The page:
to harden energy distribution systems against future storm damage in 
preparation for this year’s hurricane season, which runs from June 1 to 
November 30.  
PSC staff also directed the utilities to incorporate flood restoration 
procedures; pre-emptive power shutdown procedures; improvements in social 
media; completion of Irene, Lee, October snowstorm recommendations; and 
implementation of company lessons learned from Superstorm Sandy. 
In addition, last month, PSC staff provided additional direction to the 
utilities designed to improve mutual assistance protocols; improve 
identification and contacts for all telecommunication companies within each 
utilities' service territory; improve coordination with local officials; and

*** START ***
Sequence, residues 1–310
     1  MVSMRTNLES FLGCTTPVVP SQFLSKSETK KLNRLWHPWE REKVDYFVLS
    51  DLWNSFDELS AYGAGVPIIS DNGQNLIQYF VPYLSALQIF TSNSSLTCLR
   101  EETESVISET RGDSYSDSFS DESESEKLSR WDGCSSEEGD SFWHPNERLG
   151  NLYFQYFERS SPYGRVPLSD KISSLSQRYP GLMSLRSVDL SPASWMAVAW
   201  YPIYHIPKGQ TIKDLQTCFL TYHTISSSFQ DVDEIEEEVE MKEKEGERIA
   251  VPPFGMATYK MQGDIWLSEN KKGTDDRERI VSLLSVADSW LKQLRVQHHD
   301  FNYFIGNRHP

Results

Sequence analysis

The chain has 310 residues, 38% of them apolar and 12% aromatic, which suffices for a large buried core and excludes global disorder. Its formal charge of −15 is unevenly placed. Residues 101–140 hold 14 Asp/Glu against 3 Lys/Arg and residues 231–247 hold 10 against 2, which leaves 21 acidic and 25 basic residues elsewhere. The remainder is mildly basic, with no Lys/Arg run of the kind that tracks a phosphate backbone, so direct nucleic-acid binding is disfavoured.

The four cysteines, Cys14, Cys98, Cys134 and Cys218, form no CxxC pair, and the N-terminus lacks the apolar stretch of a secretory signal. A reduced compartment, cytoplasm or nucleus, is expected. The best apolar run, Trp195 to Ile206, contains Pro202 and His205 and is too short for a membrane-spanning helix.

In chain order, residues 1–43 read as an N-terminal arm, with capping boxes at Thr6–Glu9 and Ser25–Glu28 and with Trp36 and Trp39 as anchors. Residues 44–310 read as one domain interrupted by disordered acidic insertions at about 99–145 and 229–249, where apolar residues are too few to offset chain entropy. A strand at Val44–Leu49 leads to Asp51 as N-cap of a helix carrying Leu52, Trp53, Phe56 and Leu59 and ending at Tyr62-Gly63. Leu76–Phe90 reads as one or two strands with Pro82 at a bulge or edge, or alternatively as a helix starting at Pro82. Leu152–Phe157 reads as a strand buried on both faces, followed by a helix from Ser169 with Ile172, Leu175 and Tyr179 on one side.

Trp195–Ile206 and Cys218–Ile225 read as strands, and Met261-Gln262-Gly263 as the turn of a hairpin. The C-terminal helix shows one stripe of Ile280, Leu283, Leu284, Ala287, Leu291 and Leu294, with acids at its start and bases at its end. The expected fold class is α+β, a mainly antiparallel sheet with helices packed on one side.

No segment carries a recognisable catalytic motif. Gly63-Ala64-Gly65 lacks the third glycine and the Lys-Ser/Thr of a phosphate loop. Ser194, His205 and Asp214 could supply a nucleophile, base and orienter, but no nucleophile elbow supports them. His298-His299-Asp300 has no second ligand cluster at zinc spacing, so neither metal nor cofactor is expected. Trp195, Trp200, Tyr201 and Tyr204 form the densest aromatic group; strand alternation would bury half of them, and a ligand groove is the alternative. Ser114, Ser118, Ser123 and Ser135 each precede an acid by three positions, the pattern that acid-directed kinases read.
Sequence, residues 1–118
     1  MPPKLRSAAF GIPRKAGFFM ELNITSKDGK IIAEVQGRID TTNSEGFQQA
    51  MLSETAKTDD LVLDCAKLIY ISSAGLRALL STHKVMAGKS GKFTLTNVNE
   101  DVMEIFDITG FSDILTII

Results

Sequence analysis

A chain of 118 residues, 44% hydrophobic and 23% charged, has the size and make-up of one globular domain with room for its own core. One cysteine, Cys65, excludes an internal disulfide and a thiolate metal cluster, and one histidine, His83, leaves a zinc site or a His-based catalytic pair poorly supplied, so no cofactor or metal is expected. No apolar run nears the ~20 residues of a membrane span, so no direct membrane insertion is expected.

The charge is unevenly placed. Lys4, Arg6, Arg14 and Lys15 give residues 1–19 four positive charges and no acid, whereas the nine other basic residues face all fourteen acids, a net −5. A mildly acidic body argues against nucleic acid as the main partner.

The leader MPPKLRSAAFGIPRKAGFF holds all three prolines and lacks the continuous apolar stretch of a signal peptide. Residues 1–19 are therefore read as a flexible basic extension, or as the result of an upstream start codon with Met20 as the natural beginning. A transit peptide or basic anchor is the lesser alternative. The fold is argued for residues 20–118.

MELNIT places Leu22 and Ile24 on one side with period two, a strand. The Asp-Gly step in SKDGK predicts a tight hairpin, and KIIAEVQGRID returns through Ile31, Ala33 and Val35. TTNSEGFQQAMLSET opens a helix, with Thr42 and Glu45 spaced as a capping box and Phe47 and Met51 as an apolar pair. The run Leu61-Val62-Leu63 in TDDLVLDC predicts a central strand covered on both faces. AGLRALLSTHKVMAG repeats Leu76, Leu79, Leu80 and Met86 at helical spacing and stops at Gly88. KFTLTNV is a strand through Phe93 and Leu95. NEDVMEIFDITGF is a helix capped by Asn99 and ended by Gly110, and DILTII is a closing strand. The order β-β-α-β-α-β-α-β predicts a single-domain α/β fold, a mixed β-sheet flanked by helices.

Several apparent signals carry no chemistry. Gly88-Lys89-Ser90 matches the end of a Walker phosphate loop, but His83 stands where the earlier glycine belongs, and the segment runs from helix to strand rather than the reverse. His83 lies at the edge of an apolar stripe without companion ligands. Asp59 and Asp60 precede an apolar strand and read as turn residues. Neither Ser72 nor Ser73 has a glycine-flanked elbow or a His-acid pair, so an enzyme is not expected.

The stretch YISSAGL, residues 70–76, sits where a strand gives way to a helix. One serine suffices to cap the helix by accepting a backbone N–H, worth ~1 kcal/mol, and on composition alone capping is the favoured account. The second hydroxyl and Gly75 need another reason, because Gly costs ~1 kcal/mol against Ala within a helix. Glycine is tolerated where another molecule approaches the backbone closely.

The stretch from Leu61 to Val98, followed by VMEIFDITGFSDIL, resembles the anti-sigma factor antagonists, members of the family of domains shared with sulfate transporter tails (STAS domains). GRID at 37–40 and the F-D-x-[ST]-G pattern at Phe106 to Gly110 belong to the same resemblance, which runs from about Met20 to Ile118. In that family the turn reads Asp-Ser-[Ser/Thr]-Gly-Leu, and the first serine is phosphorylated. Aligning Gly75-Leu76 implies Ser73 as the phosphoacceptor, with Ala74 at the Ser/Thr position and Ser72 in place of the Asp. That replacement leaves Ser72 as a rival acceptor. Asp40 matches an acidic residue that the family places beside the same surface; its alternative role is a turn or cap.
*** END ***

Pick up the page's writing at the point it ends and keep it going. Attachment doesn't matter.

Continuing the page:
refine utility-specific wires down procedures. 
In April, Governor Cuomo unveiled a new utility ‘scorecard’ as a way to hold 
utilities accountable for power restorations after a significant outage using a 
quantitative assessment of electric utility performance, as part of the State’s 
efforts for more aggressive review and evaluation of utilities following 
Superstorm Sandy. The scorecard will help establish standards to promote 
effective emergency preparation and response by utilities in the restoration of 
power to their communities. Holding utilities accountable to such standards 
will ensure that they have the ability, capacity, and mindset to act quickly 
and effectively. The utilities will be reporting under the refined scorecard 
while further improvements are made.  
Additional news available at www.governor.ny.gov
New York State | Executive Chamber | press.office@exec.ny.gov | 518.474.8418